• Works for HDTV and widescreen DVDs, including Blu-Ray.

  • Most programming is available in this format.

  • Most are designed for high-quality home theaters and therefore worthwhile.

  • Any 4:3 material displayed on this version will be very small.


The second most common feature and element to consider when buying a projector is the contrast. The term refers to the difference in brightness between the darkest and the lightest parts of the image being projected. In short, the higher the contrast is, the greater this difference will be. Contrast is an important quality to look for in a home projector because it produces a better quality picture when the contrast is higher. It creates a deep black level, which gives depth to the image and almost provides a 3D look.

If the projector states just "contrast" this means it offers just a simple on/off contrast. This is the deepest black and brightest white it can offer. Some will instead say ANSI contrast. This is a number determined by displaying a checkerboard pattern and then measuring the brightness of each white and black square. ANSI creates a more accurate representation of what you can expect.


Resolution is usually displayed between models of projectors. The resolution is the number of pixels available to create the image. The higher this number is, the more pixels the system has. This is often displayed as a two-number list: 1280 by 720. In this example, 1280 represents the number of pixels in the horizontal row where as 720 displays the number in a vertical row.

Sometimes, the resolution has just one number, for example, 1080p. This is speaking just of the vertical resolution. The letter "p" after the number describes progressive scan, which means that the entire picture is displayed at the same time. 

You will find that more resolution costs more. However, with a higher number, you are going to get more detail and less visibility of pixels on the screen. The examples provided above are considered the high standard, a good option for most applications.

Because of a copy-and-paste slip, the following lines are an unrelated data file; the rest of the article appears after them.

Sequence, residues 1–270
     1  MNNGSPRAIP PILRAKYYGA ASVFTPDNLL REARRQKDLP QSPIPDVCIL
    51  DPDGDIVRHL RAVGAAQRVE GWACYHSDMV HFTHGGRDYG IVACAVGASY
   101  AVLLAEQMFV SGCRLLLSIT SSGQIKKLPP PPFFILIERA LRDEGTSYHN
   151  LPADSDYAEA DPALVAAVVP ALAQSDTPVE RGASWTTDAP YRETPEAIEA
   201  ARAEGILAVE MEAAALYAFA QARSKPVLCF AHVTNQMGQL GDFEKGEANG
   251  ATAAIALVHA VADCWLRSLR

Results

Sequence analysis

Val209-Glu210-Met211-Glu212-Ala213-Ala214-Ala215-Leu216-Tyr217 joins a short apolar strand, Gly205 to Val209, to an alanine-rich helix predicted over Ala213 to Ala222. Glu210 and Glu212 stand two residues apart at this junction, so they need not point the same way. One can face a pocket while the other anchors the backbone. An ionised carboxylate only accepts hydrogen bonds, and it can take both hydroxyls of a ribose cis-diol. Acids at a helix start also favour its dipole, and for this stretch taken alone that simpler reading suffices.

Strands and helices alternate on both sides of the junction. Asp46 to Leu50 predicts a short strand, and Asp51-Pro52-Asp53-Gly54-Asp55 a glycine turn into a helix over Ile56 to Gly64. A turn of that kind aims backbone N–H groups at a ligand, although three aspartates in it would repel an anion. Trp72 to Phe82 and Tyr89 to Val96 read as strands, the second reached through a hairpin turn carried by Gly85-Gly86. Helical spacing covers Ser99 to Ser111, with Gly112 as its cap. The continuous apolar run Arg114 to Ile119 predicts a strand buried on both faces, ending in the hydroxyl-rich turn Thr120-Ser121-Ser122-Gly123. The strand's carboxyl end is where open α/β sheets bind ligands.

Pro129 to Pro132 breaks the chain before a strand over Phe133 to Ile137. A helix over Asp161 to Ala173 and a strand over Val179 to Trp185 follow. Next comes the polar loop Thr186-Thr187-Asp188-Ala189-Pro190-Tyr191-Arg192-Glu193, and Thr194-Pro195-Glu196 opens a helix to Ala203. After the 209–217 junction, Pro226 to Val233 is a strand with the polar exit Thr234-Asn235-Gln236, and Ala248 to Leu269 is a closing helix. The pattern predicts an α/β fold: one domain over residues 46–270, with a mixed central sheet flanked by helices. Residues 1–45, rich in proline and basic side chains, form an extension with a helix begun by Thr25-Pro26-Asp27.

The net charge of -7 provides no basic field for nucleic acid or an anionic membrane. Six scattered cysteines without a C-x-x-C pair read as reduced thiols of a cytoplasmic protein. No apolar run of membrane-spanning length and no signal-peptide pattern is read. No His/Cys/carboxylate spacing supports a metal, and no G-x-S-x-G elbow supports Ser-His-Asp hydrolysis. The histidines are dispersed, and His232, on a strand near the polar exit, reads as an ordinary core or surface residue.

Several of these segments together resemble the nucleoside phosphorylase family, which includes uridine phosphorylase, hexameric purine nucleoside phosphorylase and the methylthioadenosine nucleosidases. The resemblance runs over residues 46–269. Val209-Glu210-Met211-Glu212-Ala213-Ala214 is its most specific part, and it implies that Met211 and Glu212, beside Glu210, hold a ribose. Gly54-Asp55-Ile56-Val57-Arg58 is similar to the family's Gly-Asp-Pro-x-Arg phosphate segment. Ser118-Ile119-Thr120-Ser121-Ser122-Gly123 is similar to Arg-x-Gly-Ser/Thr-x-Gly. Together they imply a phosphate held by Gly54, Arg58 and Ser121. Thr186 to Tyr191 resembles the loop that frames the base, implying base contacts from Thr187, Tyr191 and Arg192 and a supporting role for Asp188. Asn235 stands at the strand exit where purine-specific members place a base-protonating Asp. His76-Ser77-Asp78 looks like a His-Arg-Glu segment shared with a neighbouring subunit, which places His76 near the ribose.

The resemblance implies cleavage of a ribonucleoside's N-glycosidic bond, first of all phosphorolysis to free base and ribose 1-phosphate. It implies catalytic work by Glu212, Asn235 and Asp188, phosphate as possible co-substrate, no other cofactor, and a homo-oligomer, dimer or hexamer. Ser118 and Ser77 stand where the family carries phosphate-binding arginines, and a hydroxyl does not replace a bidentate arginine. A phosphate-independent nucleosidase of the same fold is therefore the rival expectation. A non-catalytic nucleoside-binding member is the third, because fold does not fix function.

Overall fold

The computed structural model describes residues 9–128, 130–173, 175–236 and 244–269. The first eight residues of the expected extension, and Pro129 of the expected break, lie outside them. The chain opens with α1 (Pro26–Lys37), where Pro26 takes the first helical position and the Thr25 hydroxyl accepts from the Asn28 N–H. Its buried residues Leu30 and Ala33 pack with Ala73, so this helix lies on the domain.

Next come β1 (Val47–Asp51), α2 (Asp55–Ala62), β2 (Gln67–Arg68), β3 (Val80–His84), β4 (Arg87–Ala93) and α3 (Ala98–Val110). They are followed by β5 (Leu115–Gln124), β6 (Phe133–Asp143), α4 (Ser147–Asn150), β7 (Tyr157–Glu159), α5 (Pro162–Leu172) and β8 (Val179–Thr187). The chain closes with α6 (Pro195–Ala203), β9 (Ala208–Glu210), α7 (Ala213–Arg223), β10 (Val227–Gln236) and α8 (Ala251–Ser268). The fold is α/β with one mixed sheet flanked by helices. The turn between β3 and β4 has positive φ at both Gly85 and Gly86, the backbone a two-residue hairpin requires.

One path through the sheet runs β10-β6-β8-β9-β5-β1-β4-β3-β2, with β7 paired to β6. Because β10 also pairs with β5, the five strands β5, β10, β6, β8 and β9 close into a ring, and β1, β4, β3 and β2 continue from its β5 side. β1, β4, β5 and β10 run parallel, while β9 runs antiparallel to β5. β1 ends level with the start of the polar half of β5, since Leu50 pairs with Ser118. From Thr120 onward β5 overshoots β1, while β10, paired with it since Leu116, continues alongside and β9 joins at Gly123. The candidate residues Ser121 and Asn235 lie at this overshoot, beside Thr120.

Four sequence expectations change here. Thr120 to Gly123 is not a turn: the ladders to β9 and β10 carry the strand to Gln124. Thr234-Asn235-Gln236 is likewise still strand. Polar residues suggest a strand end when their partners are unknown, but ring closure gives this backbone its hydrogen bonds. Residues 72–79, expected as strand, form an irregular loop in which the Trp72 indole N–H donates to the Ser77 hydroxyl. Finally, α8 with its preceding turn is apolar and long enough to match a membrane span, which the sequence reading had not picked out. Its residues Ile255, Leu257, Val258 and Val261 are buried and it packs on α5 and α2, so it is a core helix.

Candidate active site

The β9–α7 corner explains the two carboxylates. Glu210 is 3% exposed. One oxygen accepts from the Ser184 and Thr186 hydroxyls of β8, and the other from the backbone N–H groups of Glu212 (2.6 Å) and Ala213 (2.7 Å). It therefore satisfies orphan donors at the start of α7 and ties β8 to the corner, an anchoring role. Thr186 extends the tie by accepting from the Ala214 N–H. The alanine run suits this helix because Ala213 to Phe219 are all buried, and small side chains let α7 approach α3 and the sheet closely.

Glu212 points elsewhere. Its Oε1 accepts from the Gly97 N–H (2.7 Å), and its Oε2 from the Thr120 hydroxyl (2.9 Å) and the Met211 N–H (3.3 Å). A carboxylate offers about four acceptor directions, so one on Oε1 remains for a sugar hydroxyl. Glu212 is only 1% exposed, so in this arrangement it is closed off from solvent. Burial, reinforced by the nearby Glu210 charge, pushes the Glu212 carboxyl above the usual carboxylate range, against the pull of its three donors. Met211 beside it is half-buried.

Another element you will need to choose from when buying a projector is the brightness level. Most projectors will provide this in the specs for easy comparison. When considering brightness, there are two things to keep in mind. First, the amount of light output the projector creates and the reflectivity of the screen are the two things to keep in mind. Brighter is not better for most home theaters. Bright light can easily cause your eyes to fatigue. However, you do want enough light that the projector fills the screen.

A key factor to consider here is ANSI lumen ratings. Do not make your decision based just on this. Some models will have video optimization included in this rating and others do not. Therefore, when you bring it home, you may find that the projector is not what you expected.


Another factor to consider when purchasing projectors is the actual installation process. Do you want something that is mobile and easy to take with you? Alternatively, do you want it built into your home theater system for regular viewing in the same location every time?

Manufacturers know that every home theater room is different. To make sure the projectors work, some now have built-in long zoom lenses and even a physical lens shift. These are good features to have, but you still want to ensure the installation is seamless with your current system aside from these factors.


Projector buying is made simpler by comparing reviews and ratings of specific models. Added features are not always better. Rather, look for a system that works well in your current setup or one that offers the contrast and resolution desired.